Trunk Links (802.1q) And Native VLAN

Discussion in 'Cisco' started by Amy L., Dec 2, 2003.

  1. Amy L.

    Amy L. Guest

    For 802.1Q trunk links I noticed the following command can be used

    Switch(config-if)# switchport trunk native vlan vlan_num

    Can someone explain exactly what that command is for?

    I normally configure a trunk link as follows

    interface GigabitEthernet2/1
    description Trunk Connection To 3550-STACKA gig0/1
    switchport access vlan 42
    switchport trunk encapsulation dot1q
    switchport trunk pruning vlan none
    switchport mode trunk
    no logging event link-status

    Amy L., Dec 2, 2003
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  2. If a frame arrives on that trunk from an attatched device and it has no
    802.1q tag embeded in the frame, the switch puts the frame into the native
    VLAN which is configured on a port by port basis. Often used on IP phones
    wgere the grames fro the phone itself are put into the voice VLAN but the
    data frames (untagged) from the attatched PC are out into the native VLAN.

    Balin, Son of Fundin, Dec 2, 2003
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  3. It changes the VLAN that you are going to use as the native VLAN.

    <SNIP from Cisco web page>
    In 802.1q trunking, all VLAN packets are tagged on the trunk link,
    except the native VLAN. The native VLAN packets are sent untagged on
    the trunk link. Therefore, the native VLAN should be the same on both
    switches configured for trunking. This way, you can deduce to which
    VLAN a frame belongs when you receive a frame with no tag. By default,
    VLAN 1 is the native VLAN on all switches.

    In CatOS, the native VLAN can be changed by issuing the set vlan
    <vlan-id><mod/port> command, where <mod/port > is the trunk port.

    In native IOS, the native VLAN can be changed by issuing the
    switchport trunk native vlan <vlan-id> interface command which is
    configured on the trunk port.

    Pete Mainwaring, Dec 3, 2003
  4. Amy L.

    Amy L. Guest


    So let me see if I understand this correctly.

    Say I have a trunk link between Switch A and Switch B that carries
    VLAN 10 & 11. Normally when I hook a client up to a port on switch A
    I assign it to a vlan (either 10 or 11).

    Now if I didnt put that port in either VLAN 10 or 11 and that users
    packet crosses the trunk link would it be assigned to the "native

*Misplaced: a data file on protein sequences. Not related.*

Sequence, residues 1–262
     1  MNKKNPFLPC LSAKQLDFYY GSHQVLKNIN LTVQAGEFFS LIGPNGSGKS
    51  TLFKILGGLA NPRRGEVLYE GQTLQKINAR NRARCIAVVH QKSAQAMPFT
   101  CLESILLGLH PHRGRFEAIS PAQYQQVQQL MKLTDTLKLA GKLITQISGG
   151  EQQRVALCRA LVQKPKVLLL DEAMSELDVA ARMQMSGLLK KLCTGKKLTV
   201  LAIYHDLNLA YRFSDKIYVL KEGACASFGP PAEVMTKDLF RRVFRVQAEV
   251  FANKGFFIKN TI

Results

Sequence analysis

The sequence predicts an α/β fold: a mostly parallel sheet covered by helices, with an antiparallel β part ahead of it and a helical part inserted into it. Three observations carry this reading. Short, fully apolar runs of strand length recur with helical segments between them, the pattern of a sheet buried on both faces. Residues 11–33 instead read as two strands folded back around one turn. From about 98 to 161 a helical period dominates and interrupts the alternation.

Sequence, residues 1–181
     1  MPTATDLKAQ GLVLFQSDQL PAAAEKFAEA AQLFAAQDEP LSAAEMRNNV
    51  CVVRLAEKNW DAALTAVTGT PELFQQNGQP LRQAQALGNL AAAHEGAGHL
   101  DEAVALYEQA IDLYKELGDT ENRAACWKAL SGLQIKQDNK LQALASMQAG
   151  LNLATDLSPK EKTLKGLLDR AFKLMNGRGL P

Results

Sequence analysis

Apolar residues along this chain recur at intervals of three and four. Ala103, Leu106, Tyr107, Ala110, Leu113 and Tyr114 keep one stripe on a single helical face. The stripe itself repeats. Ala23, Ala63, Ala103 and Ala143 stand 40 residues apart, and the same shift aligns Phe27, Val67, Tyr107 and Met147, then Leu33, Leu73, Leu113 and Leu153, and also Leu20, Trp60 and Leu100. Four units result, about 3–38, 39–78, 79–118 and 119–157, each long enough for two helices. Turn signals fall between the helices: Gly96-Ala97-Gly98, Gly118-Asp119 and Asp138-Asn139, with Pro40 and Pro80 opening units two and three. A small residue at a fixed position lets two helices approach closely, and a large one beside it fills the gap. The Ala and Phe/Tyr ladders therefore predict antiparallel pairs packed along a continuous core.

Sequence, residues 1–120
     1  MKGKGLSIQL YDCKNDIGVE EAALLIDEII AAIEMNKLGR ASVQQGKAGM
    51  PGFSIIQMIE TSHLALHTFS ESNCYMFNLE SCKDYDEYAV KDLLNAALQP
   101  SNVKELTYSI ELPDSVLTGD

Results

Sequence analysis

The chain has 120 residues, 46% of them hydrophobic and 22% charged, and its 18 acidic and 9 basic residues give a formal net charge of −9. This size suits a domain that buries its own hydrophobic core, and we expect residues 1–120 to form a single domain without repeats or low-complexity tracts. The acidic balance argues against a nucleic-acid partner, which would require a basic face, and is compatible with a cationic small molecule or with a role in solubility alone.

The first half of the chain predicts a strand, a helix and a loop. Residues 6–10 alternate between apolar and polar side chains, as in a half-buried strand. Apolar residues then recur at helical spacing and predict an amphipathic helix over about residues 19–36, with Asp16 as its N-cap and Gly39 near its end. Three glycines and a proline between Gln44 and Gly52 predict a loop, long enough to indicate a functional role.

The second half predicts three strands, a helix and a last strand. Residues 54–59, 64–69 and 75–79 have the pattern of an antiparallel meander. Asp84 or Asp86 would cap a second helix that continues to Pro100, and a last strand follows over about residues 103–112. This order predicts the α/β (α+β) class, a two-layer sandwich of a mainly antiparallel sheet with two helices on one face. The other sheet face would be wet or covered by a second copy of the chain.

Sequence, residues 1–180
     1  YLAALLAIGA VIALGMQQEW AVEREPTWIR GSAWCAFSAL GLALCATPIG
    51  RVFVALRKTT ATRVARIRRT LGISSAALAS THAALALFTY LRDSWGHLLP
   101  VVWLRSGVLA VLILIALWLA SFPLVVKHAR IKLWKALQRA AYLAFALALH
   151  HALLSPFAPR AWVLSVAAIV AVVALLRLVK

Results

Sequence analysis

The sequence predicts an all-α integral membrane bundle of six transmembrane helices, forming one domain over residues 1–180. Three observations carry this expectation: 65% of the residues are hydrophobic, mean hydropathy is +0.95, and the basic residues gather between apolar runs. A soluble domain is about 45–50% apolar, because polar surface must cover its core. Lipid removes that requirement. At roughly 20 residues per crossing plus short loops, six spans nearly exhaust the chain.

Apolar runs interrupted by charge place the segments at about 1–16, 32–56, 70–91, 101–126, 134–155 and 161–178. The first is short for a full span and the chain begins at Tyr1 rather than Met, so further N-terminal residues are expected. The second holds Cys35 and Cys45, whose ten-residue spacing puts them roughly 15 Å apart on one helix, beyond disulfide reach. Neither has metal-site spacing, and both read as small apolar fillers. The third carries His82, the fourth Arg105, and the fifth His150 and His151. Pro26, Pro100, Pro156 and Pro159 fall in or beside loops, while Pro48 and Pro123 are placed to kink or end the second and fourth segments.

vlan". Although, if I didnt assign the port a vlan wouldn't that port
    still be in its native vlan of the switch which would be vlan 1.

    I am having a hard time seeing the use for this command, because every
    switch port on these switches would be in some vlan either deafult or
    assigned manually.

    Amy L., Dec 4, 2003
  5. I must say that I've never actually used this command myself - like
    you I couldn't see a situation that required it to be used, although
    I'm sure some of the other guys (like Walter Roberson or Hansang Bae)
    would be able to describe a situation where it was necessary. (Guys?)

    I think your assumptions are correct though. The port would be in the
    native VLAN if you didn't assign it. AFAIK the command would change
    the native VLAN from VLAN 1 to another VLAN of your choice (which must
    be the same at either end of the trunk of course).

    I can't really shed any more light on it than that, but I hope that

    Pete Mainwaring, Dec 5, 2003
  6. Program ended abnormally on 05/12/2003 03:46, Due to a catastrophic Pete
    Mainwaring error:
    The "native vlan" is not tagged, so it would allow you to send packets to a
    non-802.1q device on that link. You could do the following:

    vlan11 -- switch a --- switch b ---- switch c -- vlan11
    vlan10 --- ' '---- vlan10

    Where switch B doesn't understand 802.1q tagging, if you put the ports facing B
    of A and C in native vlan 11, the devices on switch B would be would be able to
    talk to devices on vlan 11 on all 3 switches, and the devices on A and C on vlan
    10 would be able to talk to one another.
    Francois Labreque, Dec 5, 2003
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